Award winning, Dave Fieldhouse is a landscape photographer based in the West Midlands (UK). The self-taught photographer has a passion for breath taking scenery, Dave likes to share the mood of the moment by reproducing it through a photograph for others to enjoy as much as he did. You can also find one of Dave’s images featured on our new packaging for our glossy papers.
Only recently really. It was late 2012 when a friend commented that my holiday snaps were ‘better than average’. Within 2 weeks I was immersed in books and had purchased my first DSLR.
How did you come to the world of landscape photography?
I have always enjoyed coffee table books of landscape images from around the world, so it was only natural that my chosen genre would be influenced by these. I also enjoy being outdoors, alone with my thoughts, away from the hussle and bustle of the city.
Which of your projects/motifs opened the door to the art market/professional market?
My photograph ‘Bright Eyes’ won the Classic View category in the 2014 ‘Take a View’ landscape photographer of the year competition. It was then published in many magazines and newspapers around the world. Being an amateur photographer, I don’t have a budget for advertising. I am therefore fortunate that this image has opened many doors and provided me with opportunities that I had previously only dreamed of.
Who inspires you most?
The list is long, and changes on a weekly basis. If you’re forcing me to name just one I guess I should go back to the beginning. When I started ‘studying’ photography and looking more closely at images, dissecting them to see what appealed to me, one name kept appearing, and that was Adam Burton. I loved the realism of his landscapes. His eye for composition and handling of the light, which was some of the best that I could find.
How would you describe your personal photographic style?
I try to keep things real. I would say that my style is similar to that of the classic landscape painters, like Constable, Turner and Gainsborough. Although I do sometimes mix things up with some long exposure or monochrome shots.
What is most challenging about shooting landscape?
The weather is most definitely the most challenging aspect for me. Regardless of what anyone tells you, you need good conditions to make a nice image. Light is an essential part of a photograph, and almost impossible to add artificially while maintaining the shots integrity.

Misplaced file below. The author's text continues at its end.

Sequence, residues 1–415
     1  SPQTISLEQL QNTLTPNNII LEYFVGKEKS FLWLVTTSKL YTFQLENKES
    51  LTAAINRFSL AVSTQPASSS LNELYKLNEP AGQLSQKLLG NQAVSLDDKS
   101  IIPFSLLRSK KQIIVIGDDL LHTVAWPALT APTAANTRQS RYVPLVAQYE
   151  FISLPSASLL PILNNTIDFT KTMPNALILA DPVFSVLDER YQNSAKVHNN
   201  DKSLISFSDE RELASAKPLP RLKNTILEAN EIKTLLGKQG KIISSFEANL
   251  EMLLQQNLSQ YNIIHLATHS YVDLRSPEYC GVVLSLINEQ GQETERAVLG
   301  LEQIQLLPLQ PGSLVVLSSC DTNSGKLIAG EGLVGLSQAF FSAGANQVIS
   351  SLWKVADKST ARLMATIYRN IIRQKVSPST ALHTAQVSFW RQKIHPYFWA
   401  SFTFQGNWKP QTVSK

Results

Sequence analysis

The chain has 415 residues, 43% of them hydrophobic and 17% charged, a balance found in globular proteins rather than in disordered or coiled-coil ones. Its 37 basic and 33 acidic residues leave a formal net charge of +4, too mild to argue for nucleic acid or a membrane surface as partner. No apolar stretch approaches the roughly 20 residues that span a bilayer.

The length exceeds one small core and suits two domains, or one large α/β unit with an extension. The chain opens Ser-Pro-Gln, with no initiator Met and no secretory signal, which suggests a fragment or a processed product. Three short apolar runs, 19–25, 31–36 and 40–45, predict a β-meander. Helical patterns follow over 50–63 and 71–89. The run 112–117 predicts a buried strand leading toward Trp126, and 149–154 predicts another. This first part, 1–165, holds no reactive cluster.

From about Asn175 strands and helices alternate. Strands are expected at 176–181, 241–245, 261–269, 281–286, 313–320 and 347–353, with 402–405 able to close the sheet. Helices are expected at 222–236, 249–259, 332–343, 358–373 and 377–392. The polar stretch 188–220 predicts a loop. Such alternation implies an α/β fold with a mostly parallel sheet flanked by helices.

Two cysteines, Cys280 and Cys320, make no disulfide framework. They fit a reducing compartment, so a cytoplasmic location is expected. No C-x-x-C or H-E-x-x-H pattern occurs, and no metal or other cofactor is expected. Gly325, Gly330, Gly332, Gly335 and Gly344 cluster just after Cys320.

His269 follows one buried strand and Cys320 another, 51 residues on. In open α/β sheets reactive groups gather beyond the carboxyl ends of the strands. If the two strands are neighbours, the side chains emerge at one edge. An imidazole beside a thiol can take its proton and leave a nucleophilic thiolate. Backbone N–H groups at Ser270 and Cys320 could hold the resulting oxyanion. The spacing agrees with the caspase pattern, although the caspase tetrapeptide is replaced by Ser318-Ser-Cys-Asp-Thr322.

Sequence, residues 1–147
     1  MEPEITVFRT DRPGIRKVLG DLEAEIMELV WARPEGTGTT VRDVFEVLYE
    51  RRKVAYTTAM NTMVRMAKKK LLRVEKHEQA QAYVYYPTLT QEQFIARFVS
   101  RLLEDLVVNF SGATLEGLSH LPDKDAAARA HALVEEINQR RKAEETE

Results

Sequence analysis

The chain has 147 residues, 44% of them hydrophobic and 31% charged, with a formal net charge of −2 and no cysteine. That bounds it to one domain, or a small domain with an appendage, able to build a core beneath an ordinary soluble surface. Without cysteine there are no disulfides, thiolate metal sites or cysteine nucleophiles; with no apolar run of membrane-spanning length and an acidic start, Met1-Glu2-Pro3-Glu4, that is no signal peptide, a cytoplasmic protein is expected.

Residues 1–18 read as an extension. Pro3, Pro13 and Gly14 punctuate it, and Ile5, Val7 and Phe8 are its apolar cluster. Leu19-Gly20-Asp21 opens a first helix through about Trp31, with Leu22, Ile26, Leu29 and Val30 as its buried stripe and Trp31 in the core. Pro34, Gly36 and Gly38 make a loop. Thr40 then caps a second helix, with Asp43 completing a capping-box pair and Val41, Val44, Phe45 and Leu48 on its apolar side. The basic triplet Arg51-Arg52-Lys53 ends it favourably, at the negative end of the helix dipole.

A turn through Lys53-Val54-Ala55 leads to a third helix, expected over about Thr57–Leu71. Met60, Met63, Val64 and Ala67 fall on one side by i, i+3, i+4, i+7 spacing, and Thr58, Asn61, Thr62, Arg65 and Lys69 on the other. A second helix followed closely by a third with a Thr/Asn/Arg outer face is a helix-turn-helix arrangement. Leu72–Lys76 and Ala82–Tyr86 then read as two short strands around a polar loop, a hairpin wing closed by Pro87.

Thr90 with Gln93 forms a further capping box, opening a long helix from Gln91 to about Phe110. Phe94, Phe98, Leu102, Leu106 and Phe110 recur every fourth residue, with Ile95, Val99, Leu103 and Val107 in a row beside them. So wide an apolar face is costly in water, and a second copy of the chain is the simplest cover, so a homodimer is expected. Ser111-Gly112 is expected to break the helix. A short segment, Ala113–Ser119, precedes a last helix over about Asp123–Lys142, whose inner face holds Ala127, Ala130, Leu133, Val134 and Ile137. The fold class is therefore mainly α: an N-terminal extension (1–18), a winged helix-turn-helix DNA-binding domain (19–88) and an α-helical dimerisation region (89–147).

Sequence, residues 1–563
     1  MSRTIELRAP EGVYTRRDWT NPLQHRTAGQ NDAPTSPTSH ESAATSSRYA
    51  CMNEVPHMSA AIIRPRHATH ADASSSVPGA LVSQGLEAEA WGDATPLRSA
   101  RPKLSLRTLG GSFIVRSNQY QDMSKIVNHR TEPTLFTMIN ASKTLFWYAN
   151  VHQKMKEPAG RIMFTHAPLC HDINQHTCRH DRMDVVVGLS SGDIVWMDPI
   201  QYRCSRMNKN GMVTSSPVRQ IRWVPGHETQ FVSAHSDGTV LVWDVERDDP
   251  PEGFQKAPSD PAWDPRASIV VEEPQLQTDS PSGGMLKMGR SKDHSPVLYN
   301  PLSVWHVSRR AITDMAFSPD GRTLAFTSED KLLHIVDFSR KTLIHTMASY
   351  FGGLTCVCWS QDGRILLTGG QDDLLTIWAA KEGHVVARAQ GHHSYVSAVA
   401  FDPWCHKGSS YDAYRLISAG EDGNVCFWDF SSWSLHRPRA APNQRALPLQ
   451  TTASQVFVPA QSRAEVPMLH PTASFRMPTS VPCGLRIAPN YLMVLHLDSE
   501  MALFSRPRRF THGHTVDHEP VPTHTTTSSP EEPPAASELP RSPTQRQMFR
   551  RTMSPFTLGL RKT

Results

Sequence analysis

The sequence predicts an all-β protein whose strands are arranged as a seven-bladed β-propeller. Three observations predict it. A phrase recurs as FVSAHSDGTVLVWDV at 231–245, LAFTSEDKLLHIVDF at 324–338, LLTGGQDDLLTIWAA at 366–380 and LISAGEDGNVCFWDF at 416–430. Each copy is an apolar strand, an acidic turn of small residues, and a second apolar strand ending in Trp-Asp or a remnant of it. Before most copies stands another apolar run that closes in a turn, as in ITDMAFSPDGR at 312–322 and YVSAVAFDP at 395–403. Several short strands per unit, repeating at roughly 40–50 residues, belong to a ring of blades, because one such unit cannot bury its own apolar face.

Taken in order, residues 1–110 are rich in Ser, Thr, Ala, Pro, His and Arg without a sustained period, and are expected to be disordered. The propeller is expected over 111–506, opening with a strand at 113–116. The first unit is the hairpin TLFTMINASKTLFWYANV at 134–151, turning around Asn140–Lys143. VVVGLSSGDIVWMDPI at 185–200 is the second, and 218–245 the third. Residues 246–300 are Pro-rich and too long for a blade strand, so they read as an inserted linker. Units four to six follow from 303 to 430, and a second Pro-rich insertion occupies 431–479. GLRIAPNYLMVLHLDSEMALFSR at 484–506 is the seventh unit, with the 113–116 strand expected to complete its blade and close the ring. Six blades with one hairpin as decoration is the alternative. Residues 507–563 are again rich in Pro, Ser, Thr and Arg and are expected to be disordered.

What importance do you place on the printed presentation of your artwork?
It’s hugely important. I print, cut mounts and make my own frames to make sure everything is exactly how I had intended it to look. I’m not a control freak, but I do like to ensure the final piece of artwork is something I would be happy to display on my own wall. A brilliant photograph can be ruined with poor presentation.
Which is your favorite Hahnemühle paper and why?
I really like a smooth, matt finish, and a stiff paper that’s more like a card. Something like the Photo Rag Ultra Smooth 305gsm would be top of my list when choosing a media to print on.
Do you have a dream project you would like to realize sometime?
I visited Iceland when I hadn’t been shooting long. It was a fabulous place and my time there made me realize that photography was what I really wanted to do. I made heaps of mistakes and missed plenty of golden opportunities. I would love to go back there one day with the knowledge and experience that I have gained, and am gaining every time I go out with my camera.
Currently, I am providing photography magazines with images and working on my first wall calendar. I will no doubt be entering more competitions as and when they come round. More commercial work would be more than welcome to fund expeditions and equipment. And when the weathers bad, I still enjoy printing, mounting and framing the work I have been getting up at 4am to capture. Thats the thing with photography, taking the image is just the start of the process.